In my last blog, I discussed five applications where you shouldn’t use hydraulics. Tiny robots, cars, tight budgets, can crushers and bicycles are all terrible uses for hydraulics. On the opposite pole are the applications I feel are fantastic for hydraulics, and my top 5 are as follows:
1. Underwater. As it turns out, the same materials and techniques that can keep 3000 psi of hydraulic fluid contained within pumps, motors, cylinders, valves and plumbing, are also sufficient to prevent water from penetrating. Fluid connections strong enough to prevent bypass or leakage to the external environment won’t even break a sweat should even a thousand feet of water be exerting its yawn-worthy 433 psi.
It’s not just the pressure rating of hydraulics making it a good option for underwater applications; the mechanical nature of hydraulic motivation means no electricity is required for operation. Although underwater electronics have been quite reliable for some time, it’s more difficult to create large amounts of force with electric actuators, especially of the linear type. For the most part, any mobile machine could operate under water should you provide its engine with a snorkel for air ingestion.
2. Filthy environments. Just as a hydraulic system is impervious to water, it is generally impervious to dirt, oil, sludge or even cow pies. There is a long list of chemicals also no match for the cast iron, steel and aluminum of the typical hydraulic system, and the typical synthetic rubbers compounds used for hydraulic hose are generally very good at resisting most chemicals.
Should you find yourself in a particularly nasty environment with exposure to compounds not friendly to standard hydraulic seals and materials, special seal and plumbing options are available. Viton, Teflon et al. work great for internal seals, but you can also get chemically resistant materials for the outer carcass of hydraulic hose, and there are few environments where there isn’t an answer regarding material compatibility.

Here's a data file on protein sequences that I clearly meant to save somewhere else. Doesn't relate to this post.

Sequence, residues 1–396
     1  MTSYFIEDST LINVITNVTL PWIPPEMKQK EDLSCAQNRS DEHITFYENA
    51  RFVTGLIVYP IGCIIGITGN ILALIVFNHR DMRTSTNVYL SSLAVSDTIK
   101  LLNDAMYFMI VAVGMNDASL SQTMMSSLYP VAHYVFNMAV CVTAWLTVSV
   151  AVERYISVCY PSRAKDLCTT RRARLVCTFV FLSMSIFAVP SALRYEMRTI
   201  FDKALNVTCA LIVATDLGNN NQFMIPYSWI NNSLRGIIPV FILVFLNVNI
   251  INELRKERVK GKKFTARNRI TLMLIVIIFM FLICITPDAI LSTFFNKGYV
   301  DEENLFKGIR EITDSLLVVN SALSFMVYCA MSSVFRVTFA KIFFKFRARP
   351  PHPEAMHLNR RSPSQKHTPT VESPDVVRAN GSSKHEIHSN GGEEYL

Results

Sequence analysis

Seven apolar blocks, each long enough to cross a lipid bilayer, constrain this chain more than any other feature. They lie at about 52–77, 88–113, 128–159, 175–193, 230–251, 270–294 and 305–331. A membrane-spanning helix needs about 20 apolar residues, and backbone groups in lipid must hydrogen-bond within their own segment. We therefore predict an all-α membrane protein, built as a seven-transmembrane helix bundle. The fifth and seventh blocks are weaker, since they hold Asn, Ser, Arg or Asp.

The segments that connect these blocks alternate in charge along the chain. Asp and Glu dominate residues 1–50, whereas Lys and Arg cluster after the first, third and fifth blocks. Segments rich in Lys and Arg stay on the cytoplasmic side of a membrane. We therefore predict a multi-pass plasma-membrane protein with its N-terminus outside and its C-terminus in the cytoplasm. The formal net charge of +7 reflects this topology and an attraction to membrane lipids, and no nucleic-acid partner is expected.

3. You want to move a mountain. No surprises here. Up to and including today, I’m aware of no other technology able to move so much mass or create so much force as hydraulics can. Could hydraulics lift a mountain? If I were to choose one actuator this side of a nuclear bomb, it would be hydraulics.
Because of the force intensifying ability of hydraulics, many molecules from a small pump can be packed into a very large actuator. This energy multiplication can result in 10,000 psi or more of force available, and cylinders the size of a thermos can extend with 30,000 lb of force; beat that skeletal muscle!
4. Where there is no electricity. I’ll be honest, if hydraulics were developed tomorrow, it wouldn’t stand a chance. Electrical machines make great sense in so many ways, nobody would invest in hydraulics, what with its weird oil power and all. Luckily for us, the machines of yore had little or no access to electricity, and the best way to power machinery was with hydraulics.
Some machines used mechanical drives, but there was little or no versatility or control. Hydraulic valves allow for control over force, velocity, acceleration and direction, all with no need for electrical control. Tractors, construction machinery, mills and other places with available mechanical input could use hydraulic pumps to power myriad machines for nearly any purpose; beat that skeletal muscle!
5. You want to impress your friends. If you, like me, have spent time in your garage standing on a hydraulic floor jack while you pump yourself up, and then “meter-out” yourself down, then you know it’s good for hours of fun. You can explain to your friends how a tiny piston being pumped by the handle is sending fluid to a larger piston on the jack, enabling puny skeletal muscle to lift thousands of pounds (of car, not person). Okay, so maybe your friends won’t be impressed. You win this round skeletal muscle.